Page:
The organization said it needed to convert the funds into stable assets to weather crypto market volatility.
In May, the DEF was conceived in a Uniswap governance proposal from the Harvard Law Blockchain and Fintech Initiative, with the entity being formed earlier this month after the vote passed with a treasury of 1 million UNI tokens, worth more than $18 million at current prices.
Despite indicating the UNI would be sold over the course of years, on July 12, the fund suddenly announced it had organized for half of its war chest to be liquidated into USDC by market maker, Genesis Trading.
Adding to community concerns DEF committee member, Larry Sukernik liquidated Larry Sukernik liquidated 2,612 UNI (worth approximately $50,000) around the time of the fund’s $10 million sale.
Responding to widespread backlash from the crypto community, DEF published a blog on July 14 seeking to justify its large sell-off.
The organization said “the vast majority of DEF’s expenses will be dollar-denominated,” and that diversifying half of the funds into a stable asset “provides the DEF with a sustainable budget to weather any market downturns.”
Claiming that time is against the industry as regulators circle, DEF states it sold the UNI fund to “begin its work and fund future operations.”
The post also emphasizes the discretion over fund management afforded to DEF, quoting the Uniswap proposal as saying:
“Due to the dynamic and somewhat unpredictable state of global policy proposals, we believe the grant-making committee should have considerable discretion to allow for flexibility and speed.”
The foundation also rejects claims the sale had a significant impact on the UNI markets, asserting the sale represented less than 5% of daily UNI trade volume, and that UNI’s subsequent drawdown after the sale was in line with the broader crypto meta-trend.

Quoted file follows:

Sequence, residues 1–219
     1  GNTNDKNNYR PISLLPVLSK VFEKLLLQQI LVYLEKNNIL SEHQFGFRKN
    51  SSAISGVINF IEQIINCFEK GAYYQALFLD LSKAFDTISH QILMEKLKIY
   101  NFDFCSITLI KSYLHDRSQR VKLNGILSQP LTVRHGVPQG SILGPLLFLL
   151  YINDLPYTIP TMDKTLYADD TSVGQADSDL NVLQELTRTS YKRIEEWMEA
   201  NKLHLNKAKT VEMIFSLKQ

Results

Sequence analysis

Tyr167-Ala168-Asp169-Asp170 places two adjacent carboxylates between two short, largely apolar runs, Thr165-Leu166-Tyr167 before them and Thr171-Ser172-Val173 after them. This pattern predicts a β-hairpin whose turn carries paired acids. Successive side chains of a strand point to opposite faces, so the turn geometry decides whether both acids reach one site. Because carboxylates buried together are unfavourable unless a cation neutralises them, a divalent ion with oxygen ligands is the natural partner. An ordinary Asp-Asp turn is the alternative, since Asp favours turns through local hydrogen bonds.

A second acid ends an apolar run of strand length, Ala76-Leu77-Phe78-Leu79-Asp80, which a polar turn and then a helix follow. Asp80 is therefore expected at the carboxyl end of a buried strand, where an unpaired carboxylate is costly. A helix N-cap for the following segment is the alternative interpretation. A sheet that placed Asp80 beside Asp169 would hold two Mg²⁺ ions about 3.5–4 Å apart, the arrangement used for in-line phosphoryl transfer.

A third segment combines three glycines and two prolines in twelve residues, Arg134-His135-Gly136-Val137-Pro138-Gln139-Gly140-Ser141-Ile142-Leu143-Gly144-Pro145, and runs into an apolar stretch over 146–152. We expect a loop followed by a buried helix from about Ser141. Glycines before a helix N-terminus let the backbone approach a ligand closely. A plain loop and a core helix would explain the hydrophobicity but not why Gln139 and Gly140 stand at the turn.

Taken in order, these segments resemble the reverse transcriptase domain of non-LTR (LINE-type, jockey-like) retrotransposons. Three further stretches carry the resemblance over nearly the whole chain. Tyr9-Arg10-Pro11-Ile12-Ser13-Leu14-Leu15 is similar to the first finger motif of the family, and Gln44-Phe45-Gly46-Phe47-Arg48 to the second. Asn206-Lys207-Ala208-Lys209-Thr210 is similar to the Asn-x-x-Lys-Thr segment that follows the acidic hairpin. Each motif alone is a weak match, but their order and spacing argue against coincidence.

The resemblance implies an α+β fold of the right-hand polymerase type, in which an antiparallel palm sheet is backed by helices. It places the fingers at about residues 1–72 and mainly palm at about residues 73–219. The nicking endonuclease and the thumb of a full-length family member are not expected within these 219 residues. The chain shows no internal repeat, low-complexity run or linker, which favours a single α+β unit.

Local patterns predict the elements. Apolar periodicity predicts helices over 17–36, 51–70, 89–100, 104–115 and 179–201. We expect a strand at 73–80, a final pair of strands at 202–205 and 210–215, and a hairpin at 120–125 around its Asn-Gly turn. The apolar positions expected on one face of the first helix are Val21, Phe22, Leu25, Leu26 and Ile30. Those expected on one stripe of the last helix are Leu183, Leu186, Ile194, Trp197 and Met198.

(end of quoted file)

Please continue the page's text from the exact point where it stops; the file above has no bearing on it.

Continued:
In reference to concerns over Larrk Sukernik’s liquidation of UNI, a new policy means that DEF members will no longer be allowed to make UNI transactions within a seven-day window of DEF treasury activity in future. The post also emphasizes that Sukernik’s transaction occurred after the sale had already been completed.
Further, the DEF will hire a full-time policy director tasked with managing the organization’s annual budget, which is set to be published within the next 90 days. The organization also plans to use the Tally Failsafe tool, which will allow Uniswap governance to block transactions and revoke funds from the DEF. Failsafe is currently being audited.
The blog failed to placat DeFi Watch founder, Chris Blec, who responded on Twitter with a lengthy list of lingering concerns, including how the fund’s committee member were chosen and how UNI token holders can be assured funds will be appropriately disbursed in future.
What assurances do UNI tokenholders have that members of the proposed committee will not pay funds to themselves or to other organizations that they have a vested interest in?— Chris Blec (@ChrisBlec) July 14, 2021
Medium blogger ChainCatcher also emphasized the concentration of votes supporting the fund’s creation among Uniswap’s top backer, also noting it strange that only UNI holders should bear the expense of political lobbying for the broader political sector.